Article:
Tennessee is a southern state in the United States, known for many things like its mountains, the city at the heart of the country music scene, Nashville, and for being the home of the Country Music Hall of Fame and Elvis Presley’s Graceland, just to name a few.
It’s also a state with many beautiful native plants that work great for your home garden or landscape. We’ve compiled this Tennessee native plants list to help you see some of the amazing plants that are native to this state.
Why are native plants important?
Native plants are very important to the local ecosystems because they provide food and shelter for native insects and mammals. They also help purify and cleanse the air. They can assist with preventing erosion and they require less water than traditional lawns or non-native plants.
Native plants are also much easier to care for because they have adapted to the local climate and the soil conditions. They require less maintenance, little to no pesticides, and no fertilizer. Not only are they easier to care for and provide many benefits to the local ecosystem, but they are also beautiful to look at.
Tennessee native plants list
Here are some gorgeous native garden flowers you can start with. Check out our list:
1. Common yarrow (Achillea millefolium)
Common yarrow is so common, it’s native to most of the United States. But it’s a great, easy-going plant that’s good for the ecosystem and very low maintenance.
Common yarrow grows up to three feet tall and branches only at the top. It has clusters or flower heads at the tops of the branched stems. These 20-25 flowers are typically yellowish-white with yellow disk flowers in the middle. They bloom from April to September and they like dry soil with full sun to part shade. Common yarrow is drought tolerant.
2. Scarlet buckeye (Aesculus pavia)
This is a beautiful, showy native that is also known as the firecracker plant or red buckeye. It flowers in the early spring and has red clusters from 6-10 inches long at the tops of the stems. The flowers themselves are from 1- 1 ½ inches long. They bloom from March to May and may drop their petals in the early summer in some areas.
This plant likes moist soil and part shade. It requires medium to high water usage but well-drained soil.
3. Eastern bluestar (Amsonia tabernaemontana)
Eastern bluestar is another attractive native with many names. It is sometimes called woodland bluestar, willow Amsonia, and blue dogbane. It grows 1-3 feet tall and forms large, multi-stemmed clumps.
Flowers bloom at the top of the erect, smooth stems and they form in a star shape, hence its common name. They bloom from March to May and like wet to moist soils and part shade.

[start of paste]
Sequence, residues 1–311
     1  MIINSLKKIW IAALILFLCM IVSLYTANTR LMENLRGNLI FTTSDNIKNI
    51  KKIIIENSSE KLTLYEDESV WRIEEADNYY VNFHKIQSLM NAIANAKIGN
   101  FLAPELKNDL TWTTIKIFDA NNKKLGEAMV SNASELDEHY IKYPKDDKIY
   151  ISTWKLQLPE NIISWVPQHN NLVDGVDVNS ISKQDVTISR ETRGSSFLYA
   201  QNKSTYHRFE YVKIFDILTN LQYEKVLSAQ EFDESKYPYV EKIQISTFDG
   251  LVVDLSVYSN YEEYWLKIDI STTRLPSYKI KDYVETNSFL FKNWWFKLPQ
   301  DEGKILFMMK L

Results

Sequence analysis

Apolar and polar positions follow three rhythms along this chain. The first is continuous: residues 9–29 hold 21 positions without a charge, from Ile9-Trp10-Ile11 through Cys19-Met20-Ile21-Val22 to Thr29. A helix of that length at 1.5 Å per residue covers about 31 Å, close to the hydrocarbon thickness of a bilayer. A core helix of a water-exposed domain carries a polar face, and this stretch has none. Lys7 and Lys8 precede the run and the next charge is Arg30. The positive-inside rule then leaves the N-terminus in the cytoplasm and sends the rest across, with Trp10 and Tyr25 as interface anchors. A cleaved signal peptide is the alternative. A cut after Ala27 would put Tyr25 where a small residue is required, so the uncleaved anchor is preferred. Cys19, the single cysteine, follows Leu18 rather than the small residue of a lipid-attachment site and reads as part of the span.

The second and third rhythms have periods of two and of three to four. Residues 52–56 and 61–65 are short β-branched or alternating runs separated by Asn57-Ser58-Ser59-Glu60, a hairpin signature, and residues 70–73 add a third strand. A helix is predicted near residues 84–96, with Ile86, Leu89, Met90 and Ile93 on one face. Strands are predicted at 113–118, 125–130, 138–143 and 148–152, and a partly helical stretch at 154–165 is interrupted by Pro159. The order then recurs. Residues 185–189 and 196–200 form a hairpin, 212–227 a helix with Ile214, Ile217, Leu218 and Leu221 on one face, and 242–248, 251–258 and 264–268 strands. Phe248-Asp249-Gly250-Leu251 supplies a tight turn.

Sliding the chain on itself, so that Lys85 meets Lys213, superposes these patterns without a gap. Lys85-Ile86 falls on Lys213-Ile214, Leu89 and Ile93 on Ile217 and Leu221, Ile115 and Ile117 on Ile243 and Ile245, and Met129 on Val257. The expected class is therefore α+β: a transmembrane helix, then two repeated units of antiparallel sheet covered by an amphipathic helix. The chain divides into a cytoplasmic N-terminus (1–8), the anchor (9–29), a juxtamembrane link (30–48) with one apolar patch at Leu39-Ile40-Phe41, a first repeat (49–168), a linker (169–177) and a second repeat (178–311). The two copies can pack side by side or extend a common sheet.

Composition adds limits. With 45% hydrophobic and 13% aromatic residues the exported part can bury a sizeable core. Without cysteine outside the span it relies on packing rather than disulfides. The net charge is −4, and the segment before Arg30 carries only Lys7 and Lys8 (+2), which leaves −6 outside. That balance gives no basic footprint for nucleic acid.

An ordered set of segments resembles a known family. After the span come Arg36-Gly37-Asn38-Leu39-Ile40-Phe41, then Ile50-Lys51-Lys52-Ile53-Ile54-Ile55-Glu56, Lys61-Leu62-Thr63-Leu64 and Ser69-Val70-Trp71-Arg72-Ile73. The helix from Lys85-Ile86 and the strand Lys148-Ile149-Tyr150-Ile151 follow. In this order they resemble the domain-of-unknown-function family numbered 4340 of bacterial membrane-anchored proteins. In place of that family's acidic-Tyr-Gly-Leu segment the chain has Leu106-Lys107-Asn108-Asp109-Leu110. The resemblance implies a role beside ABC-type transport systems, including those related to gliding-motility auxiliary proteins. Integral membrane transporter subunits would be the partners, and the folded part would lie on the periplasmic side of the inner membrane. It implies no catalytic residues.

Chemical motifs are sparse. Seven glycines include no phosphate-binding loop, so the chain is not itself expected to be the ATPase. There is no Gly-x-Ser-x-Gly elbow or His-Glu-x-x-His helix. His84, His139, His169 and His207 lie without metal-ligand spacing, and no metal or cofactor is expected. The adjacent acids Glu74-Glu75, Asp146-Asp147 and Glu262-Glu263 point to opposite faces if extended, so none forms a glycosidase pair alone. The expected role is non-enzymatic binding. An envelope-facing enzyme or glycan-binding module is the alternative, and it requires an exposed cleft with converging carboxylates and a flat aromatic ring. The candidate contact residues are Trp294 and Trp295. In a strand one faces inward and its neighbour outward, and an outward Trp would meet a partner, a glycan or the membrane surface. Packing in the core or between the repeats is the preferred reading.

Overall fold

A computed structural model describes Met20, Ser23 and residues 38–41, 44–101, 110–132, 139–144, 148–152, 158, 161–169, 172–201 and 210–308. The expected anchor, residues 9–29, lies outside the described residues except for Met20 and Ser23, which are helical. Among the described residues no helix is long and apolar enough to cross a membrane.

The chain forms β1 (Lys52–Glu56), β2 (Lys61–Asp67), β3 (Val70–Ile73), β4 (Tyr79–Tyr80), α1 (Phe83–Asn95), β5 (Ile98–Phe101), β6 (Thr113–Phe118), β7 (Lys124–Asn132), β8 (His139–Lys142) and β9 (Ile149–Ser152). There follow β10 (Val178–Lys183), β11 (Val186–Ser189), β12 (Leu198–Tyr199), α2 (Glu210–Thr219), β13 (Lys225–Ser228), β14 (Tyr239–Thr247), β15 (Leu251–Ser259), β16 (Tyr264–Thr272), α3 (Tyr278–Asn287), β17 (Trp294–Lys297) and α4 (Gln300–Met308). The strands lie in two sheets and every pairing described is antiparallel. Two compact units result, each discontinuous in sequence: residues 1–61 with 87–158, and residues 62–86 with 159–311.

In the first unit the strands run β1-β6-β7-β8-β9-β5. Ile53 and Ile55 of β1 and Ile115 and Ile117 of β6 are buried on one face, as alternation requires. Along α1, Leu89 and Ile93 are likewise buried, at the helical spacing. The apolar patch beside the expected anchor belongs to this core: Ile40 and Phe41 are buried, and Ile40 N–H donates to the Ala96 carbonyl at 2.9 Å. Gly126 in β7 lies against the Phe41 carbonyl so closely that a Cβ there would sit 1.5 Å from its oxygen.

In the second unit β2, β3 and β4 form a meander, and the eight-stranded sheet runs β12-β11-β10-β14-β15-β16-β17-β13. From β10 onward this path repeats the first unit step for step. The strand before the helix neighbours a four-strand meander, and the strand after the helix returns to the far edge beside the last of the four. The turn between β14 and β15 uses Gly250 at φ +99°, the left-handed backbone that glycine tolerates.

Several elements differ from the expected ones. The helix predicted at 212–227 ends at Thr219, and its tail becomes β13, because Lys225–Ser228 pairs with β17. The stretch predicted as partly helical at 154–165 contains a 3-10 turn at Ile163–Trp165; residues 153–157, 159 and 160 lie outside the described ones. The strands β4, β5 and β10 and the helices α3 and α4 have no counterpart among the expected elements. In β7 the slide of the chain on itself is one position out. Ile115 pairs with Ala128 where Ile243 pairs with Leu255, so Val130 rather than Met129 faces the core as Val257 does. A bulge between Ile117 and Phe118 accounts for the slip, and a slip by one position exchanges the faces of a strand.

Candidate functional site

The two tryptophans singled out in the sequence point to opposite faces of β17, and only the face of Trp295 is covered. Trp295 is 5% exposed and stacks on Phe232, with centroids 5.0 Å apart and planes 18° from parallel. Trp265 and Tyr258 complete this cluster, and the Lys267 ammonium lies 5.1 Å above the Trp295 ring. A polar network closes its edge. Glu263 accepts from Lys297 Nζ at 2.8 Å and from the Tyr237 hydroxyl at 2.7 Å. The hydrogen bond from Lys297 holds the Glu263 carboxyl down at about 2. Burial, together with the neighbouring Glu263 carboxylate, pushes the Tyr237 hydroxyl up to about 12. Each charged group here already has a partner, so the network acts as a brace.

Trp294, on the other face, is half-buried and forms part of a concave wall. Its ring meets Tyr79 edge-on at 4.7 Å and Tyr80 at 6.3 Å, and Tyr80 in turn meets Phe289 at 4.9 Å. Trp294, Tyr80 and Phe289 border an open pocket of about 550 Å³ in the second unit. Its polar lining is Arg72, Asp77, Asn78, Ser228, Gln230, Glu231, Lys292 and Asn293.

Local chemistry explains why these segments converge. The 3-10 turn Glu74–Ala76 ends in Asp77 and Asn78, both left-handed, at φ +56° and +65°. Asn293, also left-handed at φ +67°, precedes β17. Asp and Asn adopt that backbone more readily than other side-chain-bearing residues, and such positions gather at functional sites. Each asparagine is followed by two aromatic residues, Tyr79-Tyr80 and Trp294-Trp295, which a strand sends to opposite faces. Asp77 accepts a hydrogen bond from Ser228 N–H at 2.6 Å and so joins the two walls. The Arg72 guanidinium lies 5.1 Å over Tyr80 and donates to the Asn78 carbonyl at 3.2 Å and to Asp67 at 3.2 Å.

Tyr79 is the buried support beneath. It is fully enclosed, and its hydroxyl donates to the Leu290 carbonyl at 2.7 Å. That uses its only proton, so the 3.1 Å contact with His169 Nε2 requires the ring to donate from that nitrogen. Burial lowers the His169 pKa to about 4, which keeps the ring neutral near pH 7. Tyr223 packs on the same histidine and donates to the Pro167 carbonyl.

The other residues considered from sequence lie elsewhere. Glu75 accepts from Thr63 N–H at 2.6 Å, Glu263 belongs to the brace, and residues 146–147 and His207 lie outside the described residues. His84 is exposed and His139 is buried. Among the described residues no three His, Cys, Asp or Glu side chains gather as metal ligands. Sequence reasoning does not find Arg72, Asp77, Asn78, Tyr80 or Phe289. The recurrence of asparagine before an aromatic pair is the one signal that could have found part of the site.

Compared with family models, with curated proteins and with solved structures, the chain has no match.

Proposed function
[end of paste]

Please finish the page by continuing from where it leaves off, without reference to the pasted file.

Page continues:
4. Red columbine (Aquilegia canadensis)
Red columbine is another native classic. Also called eastern red columbine or wild red columbine, this is a unique flower that is sure to stand out in your garden. It grows about 2 feet in height and the red and yellow bell-shaped flowers bloom at the very top of the stems and drop downward.
They bloom from February to July so you can get a long-lasting appearance from this one. They like dry to moist soils, part shade to full shade, and are both cold and heat tolerant, meaning they can typically survive through changing seasonal temperatures in Tennessee.
5. Swamp milkweed (Asclepias incarnata)
There are several types of milkweed native to the area. Swamp milkweed is also called pink milkweed because it’s typically pink or rose in color. It’s not as milky as some of the other species in the milkweed family.
It can grow from 2-4 feet tall. The flowers bloom in clusters at the tops of the stems. They bloom from June to October, providing late-season nectar and color to your garden. This is a great plant to attract butterflies.
It likes moist to wet soil, full sun to part shade, and high water usage. You are looking for conditions to mimic the swampy areas it is found in natively.
6. Common pawpaw (Asimina triloba)
Common pawpaw is sometimes called just pawpaw, or custard apple, Indian banana, and wild banana. It’s a small, short-trunked tree or multi-stemmed shrub that blooms very pretty flowers and tropical-like leaves.
It blooms from April to May and the colors are usually red, yellow, purple, and white. While it can grow up to 40 feet tall, the shrub version is usually under 20 feet. It likes moist soil and full sun to shade.
7. Butterfly weed (Asclepias tuberosa)
Butterfly weed has its name because butterflies love it. You will love it too, especially if you want to attract butterflies to your garden. It is also called butterfly milkweed, orange milkweed, chigger flower, and pleurisy root.